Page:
Sometimes, while I'm going through photos I'm going to put online, I imagine a future in which I'm a candidate running for office and my opponent has all his/her lackeys looking for incriminating photos of me. I am pretty sure I'll have to answer for this post and probably a few of my pattern photos. I am basically unelectable at this point, but I do it for you, sweet internet people.
I have had a pinnable foam dress form for a few years now.
It's been indispensable for knitwear design, since it's close in size to the a standard sample size for magazine publishing. And it works well for making garments for myself because while it's a little smaller than I am, it's still a relatively close match and I can gauge my progress.
A little note, before I go any further. I'm going to talk about how I differ from the average for my size and also from the dress form. This could be construed as some sort of self loathing/body snarking/judgement of anyone else's shape that is like or unlike my own. It's not. We are all built the way we are built and everything you wear or knit should be done so with the intention of feeling great while you wear it. It's good to know what makes you want to give yourself the ol' finger guns, winky face in the mirror and what makes you want to crawl back into bed and hide from the world.
Getting back into sewing has made me realize that my dress form is really useless for sewing. Skirts slide right off those slender little hips and it can't come close to mimicking my swayback/bubble-butt combo. Swaybacks cause the pelvis to tilt, arching the lower back. In my dancing days, I was regularly training myself to tuck by butt back into alignment, but I've slowly lost that muscle strength and really have to remember to keep things aligned. Even when I'm conscious of it, my back is still pretty arched, but when I'm at ease, it's quite pronounced. Along with that bubbly butt and a bit of softness around the belly, that sway back is even more pronounced. Wearing clothing that fits snugly at the waist and falls straight down or flares, seems to look best on me. However, shorter skirts like McCall's 5431, that are worked in crisp cotton, really highlight how much higher the back hem sits than the front hem.
Along with my body's structural idiosyncrasies, there are more common variations of the type that must of exhibit in one area or another. My shoulders are quite straight across (no shoulder pads needed here) which actually balances out my hips but does require that I adjust sloped shoulder seams accordingly. My torso is relatively long and my legs are short in relationship, so tops need to be longer to avoid showing my belly and pants and skirts should be hemmed higher to keep the proportions in line.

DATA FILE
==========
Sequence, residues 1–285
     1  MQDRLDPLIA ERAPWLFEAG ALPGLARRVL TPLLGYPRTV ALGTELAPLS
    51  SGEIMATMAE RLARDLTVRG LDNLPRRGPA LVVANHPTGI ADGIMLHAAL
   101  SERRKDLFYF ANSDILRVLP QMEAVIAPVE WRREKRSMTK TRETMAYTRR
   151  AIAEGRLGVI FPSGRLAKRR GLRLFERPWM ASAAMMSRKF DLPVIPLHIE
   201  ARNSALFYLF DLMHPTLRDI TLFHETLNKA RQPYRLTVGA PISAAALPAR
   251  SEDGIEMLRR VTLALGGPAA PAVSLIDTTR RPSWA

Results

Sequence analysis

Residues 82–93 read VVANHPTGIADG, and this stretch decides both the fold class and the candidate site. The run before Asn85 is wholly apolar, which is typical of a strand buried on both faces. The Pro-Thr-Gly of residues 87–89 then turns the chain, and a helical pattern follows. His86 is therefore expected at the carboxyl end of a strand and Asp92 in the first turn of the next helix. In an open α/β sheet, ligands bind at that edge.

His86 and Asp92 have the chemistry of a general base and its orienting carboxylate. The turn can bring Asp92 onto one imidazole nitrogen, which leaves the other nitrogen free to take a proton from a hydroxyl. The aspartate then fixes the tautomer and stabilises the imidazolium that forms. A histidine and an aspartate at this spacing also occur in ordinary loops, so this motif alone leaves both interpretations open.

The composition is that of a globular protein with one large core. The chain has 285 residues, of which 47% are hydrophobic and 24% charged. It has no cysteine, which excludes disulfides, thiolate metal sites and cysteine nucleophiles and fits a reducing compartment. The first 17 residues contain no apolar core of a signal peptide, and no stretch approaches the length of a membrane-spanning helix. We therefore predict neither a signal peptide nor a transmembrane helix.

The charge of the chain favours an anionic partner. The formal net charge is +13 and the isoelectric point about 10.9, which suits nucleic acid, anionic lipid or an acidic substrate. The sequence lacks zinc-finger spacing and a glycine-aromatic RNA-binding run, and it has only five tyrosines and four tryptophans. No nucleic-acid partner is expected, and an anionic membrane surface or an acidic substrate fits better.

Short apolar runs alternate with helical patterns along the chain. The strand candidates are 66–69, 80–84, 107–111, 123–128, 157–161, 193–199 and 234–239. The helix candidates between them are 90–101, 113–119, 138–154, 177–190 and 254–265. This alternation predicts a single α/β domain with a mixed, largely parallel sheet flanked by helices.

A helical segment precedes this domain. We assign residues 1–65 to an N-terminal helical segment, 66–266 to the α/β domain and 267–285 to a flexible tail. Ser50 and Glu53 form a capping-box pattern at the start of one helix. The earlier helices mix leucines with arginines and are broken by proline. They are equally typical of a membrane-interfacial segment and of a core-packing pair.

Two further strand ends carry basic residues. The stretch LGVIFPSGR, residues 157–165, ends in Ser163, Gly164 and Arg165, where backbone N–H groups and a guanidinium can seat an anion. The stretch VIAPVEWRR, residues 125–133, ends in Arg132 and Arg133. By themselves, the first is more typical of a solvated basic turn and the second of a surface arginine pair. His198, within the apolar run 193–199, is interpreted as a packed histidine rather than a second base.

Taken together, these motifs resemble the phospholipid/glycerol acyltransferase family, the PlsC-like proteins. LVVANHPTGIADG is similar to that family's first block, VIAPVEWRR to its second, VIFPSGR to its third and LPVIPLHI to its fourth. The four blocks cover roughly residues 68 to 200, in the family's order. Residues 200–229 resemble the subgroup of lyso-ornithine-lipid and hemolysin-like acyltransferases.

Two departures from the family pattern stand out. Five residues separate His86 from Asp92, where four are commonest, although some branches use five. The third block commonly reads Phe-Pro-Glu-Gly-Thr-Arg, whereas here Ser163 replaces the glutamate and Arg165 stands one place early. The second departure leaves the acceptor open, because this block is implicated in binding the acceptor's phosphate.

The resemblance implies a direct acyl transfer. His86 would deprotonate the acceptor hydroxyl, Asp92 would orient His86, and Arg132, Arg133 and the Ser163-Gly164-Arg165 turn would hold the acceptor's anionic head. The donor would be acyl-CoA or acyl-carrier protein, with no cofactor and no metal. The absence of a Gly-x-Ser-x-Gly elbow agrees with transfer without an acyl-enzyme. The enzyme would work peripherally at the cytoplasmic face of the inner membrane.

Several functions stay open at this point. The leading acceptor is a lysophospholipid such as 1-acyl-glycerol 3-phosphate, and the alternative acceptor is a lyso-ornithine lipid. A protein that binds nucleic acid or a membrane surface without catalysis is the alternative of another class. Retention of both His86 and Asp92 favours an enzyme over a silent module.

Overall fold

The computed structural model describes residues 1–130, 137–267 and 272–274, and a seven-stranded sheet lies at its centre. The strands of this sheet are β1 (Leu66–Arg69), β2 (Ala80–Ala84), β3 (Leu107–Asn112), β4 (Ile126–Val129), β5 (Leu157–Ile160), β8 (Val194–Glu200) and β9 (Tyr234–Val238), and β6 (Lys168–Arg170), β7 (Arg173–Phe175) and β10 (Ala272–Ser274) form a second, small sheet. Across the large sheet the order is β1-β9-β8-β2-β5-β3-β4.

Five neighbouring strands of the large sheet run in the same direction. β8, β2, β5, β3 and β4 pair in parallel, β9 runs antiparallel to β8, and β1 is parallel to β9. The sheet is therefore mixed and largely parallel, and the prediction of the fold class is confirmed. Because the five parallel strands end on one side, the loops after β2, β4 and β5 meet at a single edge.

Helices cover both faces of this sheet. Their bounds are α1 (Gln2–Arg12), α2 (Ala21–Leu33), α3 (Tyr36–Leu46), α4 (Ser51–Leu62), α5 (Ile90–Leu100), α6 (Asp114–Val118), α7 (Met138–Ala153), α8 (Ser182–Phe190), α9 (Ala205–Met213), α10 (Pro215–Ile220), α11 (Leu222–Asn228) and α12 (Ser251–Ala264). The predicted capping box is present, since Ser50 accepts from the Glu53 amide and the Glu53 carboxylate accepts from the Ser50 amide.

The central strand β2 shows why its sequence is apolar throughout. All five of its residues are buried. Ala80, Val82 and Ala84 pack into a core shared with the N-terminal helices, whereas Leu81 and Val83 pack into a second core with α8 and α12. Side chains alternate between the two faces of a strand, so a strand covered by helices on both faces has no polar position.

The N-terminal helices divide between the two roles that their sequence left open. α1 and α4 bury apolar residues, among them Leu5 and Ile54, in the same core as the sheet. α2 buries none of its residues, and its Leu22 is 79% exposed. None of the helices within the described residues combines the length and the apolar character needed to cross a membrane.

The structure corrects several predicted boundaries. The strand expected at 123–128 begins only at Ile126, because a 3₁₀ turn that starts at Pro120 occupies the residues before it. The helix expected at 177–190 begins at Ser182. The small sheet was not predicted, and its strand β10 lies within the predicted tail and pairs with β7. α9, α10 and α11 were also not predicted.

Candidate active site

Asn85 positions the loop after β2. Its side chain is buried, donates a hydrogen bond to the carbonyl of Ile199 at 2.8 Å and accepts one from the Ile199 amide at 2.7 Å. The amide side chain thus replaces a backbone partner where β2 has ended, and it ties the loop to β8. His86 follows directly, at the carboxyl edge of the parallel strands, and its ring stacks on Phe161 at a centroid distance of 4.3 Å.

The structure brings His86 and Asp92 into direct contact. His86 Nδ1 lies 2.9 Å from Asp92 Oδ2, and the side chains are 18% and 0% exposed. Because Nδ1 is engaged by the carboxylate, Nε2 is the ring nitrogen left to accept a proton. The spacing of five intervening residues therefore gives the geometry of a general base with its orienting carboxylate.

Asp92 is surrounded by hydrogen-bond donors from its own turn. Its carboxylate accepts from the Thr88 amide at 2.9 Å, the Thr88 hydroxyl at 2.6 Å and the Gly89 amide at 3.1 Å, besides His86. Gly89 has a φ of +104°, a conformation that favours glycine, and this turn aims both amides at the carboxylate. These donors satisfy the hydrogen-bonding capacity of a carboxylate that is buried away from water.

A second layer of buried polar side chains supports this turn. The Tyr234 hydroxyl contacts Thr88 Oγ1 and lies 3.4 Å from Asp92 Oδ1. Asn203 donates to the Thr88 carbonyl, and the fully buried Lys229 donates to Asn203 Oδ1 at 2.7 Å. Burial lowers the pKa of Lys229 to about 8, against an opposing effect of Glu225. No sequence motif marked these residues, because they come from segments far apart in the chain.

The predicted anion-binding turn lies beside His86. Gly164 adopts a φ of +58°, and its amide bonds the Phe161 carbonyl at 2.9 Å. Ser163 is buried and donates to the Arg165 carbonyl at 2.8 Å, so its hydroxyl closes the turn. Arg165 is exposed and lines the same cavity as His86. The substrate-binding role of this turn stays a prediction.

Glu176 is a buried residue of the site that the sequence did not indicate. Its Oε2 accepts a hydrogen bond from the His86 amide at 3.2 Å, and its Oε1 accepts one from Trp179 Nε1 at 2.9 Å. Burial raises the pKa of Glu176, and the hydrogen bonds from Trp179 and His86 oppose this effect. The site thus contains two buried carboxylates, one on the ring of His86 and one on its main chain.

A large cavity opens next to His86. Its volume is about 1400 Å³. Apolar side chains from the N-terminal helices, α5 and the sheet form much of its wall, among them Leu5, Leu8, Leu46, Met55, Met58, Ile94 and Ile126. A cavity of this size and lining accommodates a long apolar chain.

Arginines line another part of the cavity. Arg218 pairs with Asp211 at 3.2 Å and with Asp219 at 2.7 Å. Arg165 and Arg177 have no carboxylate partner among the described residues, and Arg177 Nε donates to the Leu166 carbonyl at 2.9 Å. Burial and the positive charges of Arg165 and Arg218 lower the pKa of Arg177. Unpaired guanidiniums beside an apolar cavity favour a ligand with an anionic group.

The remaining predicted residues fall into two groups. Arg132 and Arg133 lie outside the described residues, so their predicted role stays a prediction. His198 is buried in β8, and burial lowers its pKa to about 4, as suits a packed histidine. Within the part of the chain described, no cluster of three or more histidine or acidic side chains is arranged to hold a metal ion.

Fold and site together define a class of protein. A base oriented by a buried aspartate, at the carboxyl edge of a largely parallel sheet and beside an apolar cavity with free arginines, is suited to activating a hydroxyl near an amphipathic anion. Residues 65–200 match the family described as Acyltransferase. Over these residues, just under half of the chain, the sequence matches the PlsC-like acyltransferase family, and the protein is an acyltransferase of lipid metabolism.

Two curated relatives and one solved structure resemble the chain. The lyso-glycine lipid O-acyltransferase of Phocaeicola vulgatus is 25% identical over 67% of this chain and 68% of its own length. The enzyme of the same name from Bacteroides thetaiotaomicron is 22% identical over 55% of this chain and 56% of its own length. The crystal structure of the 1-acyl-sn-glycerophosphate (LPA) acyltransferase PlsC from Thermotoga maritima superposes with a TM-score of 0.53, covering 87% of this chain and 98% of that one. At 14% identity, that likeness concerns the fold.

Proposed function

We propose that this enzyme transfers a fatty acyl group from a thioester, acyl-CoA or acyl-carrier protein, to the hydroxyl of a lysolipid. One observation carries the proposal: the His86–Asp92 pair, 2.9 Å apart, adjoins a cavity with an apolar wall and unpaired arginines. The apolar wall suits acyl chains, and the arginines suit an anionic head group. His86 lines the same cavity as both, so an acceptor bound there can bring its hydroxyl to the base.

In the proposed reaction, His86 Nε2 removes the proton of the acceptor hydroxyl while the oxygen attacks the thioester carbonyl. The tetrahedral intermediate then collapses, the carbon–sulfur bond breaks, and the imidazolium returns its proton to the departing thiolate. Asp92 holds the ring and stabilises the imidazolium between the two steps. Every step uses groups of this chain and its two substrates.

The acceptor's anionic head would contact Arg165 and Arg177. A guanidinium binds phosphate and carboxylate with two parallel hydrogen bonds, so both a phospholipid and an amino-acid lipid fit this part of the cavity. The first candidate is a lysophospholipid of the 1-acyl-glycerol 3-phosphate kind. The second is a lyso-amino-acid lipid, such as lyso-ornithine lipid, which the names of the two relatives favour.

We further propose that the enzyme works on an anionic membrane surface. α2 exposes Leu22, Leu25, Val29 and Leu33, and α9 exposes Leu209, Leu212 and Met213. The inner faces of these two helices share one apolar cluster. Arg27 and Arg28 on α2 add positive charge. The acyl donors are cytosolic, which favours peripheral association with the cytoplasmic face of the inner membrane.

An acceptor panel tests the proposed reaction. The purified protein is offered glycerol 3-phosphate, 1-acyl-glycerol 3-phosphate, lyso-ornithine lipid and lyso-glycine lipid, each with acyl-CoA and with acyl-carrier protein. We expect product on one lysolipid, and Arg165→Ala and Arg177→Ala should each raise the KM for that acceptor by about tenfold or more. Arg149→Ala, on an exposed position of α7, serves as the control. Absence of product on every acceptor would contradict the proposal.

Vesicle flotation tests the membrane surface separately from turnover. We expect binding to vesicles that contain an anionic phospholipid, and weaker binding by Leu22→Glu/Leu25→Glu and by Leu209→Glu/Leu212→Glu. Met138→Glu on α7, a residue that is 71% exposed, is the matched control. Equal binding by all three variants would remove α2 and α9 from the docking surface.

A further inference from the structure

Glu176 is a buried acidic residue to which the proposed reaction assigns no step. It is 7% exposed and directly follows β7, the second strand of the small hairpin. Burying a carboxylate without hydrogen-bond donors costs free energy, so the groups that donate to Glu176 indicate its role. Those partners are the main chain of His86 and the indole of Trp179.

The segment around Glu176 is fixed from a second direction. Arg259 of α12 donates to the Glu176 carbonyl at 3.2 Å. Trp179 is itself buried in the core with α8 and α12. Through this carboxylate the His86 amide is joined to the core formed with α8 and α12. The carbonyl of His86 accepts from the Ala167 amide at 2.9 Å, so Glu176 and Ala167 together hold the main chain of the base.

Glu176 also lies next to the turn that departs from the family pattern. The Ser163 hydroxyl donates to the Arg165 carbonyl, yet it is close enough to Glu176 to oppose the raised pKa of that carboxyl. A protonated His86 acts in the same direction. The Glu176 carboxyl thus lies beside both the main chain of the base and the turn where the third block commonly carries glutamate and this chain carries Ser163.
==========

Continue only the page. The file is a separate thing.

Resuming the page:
Even if I had the spare money for an adjustable dress form, I'd be unlikely to find one that could account for all these peculiarities of my body. Most are made only to adjust for bust, hips and waist circumference, and possibly torso length.
For the price, a duct tape dress form seemed to be the best option and tutorials online abound, so you know you aren't diving into uncharted water.
This blog post would be too long if I went through each step here, so I made a flickr set and added my notes to the caption section of each image. You can see the set here.
I'm really happy with the end result, though I was trying so hard not to suck anything in, that I must have overcompensated while being wrapped. The waist is now 2-3" bigger than my actual waist measurements, even after I've eaten a good sized meal. It's still incredibly useful, but I may need to try to reduce that circumference at some point.
Here are the two forms, side by side.
I decided to roughly cover the form with some lycra I had in stash, to make it a little less duct-tapey.
I've already put it to good use, using it to hem a dress.
And adjust that blue skirt I showed above.
All said, we spent about 2 hours for the taping phase and then it took me another hour to stuff and finish the form. The materials, excluding the cover I made and the t-shirts I wore under the tape, cost under $25. About $6 each for 2 rolls of 60ft duct tape, about $2 each for 2-3 bags of fiberfill, and about $4 for a pair of raglan shoulder pads. The chain to suspend the form from the ceiling, was a few dollars more.